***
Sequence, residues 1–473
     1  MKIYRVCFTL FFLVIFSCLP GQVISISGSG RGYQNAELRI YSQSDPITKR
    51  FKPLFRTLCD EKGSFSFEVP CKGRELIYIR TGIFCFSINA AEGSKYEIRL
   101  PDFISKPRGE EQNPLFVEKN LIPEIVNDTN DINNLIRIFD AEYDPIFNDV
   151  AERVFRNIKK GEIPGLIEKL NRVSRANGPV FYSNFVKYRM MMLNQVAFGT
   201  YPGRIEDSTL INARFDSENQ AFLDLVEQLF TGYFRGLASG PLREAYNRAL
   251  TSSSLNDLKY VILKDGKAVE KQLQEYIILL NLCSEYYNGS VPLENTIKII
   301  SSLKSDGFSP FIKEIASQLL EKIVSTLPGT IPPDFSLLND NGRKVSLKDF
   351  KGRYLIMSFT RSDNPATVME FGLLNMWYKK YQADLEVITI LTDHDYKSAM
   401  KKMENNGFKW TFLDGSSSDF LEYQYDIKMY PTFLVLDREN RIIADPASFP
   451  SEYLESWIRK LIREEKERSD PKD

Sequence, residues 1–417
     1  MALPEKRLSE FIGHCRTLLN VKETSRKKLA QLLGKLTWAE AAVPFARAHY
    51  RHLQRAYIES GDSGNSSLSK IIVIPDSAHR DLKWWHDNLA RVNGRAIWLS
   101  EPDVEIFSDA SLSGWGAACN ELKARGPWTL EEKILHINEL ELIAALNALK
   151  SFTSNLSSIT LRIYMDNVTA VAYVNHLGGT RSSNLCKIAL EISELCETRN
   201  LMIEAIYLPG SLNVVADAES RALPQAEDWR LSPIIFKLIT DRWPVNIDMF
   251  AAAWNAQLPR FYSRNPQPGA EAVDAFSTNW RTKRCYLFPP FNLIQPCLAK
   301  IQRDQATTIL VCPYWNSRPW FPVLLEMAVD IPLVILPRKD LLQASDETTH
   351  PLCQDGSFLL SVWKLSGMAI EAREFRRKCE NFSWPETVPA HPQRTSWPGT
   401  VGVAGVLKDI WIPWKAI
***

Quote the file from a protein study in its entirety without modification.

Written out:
Sequence, residues 1–473
     1  MKIYRVCFTL FFLVIFSCLP GQVISISGSG RGYQNAELRI YSQSDPITKR
    51  FKPLFRTLCD EKGSFSFEVP CKGRELIYIR TGIFCFSINA AEGSKYEIRL
   101  PDFISKPRGE EQNPLFVEKN LIPEIVNDTN DINNLIRIFD AEYDPIFNDV
   151  AERVFRNIKK GEIPGLIEKL NRVSRANGPV FYSNFVKYRM MMLNQVAFGT
   201  YPGRIEDSTL INARFDSENQ AFLDLVEQLF TGYFRGLASG PLREAYNRAL
   251  TSSSLNDLKY VILKDGKAVE KQLQEYIILL NLCSEYYNGS VPLENTIKII
   301  SSLKSDGFSP FIKEIASQLL EKIVSTLPGT IPPDFSLLND NGRKVSLKDF
   351  KGRYLIMSFT RSDNPATVME FGLLNMWYKK YQADLEVITI LTDHDYKSAM
   401  KKMENNGFKW TFLDGSSSDF LEYQYDIKMY PTFLVLDREN RIIADPASFP
   451  SEYLESWIRK LIREEKERSD PKD

Sequence, residues 1–417
     1  MALPEKRLSE FIGHCRTLLN VKETSRKKLA QLLGKLTWAE AAVPFARAHY
    51  RHLQRAYIES GDSGNSSLSK IIVIPDSAHR DLKWWHDNLA RVNGRAIWLS
   101  EPDVEIFSDA SLSGWGAACN ELKARGPWTL EEKILHINEL ELIAALNALK
   151  SFTSNLSSIT LRIYMDNVTA VAYVNHLGGT RSSNLCKIAL EISELCETRN
   201  LMIEAIYLPG SLNVVADAES RALPQAEDWR LSPIIFKLIT DRWPVNIDMF
   251  AAAWNAQLPR FYSRNPQPGA EAVDAFSTNW RTKRCYLFPP FNLIQPCLAK
   301  IQRDQATTIL VCPYWNSRPW FPVLLEMAVD IPLVILPRKD LLQASDETTH
   351  PLCQDGSFLL SVWKLSGMAI EAREFRRKCE NFSWPETVPA HPQRTSWPGT
   401  VGVAGVLKDI WIPWKAI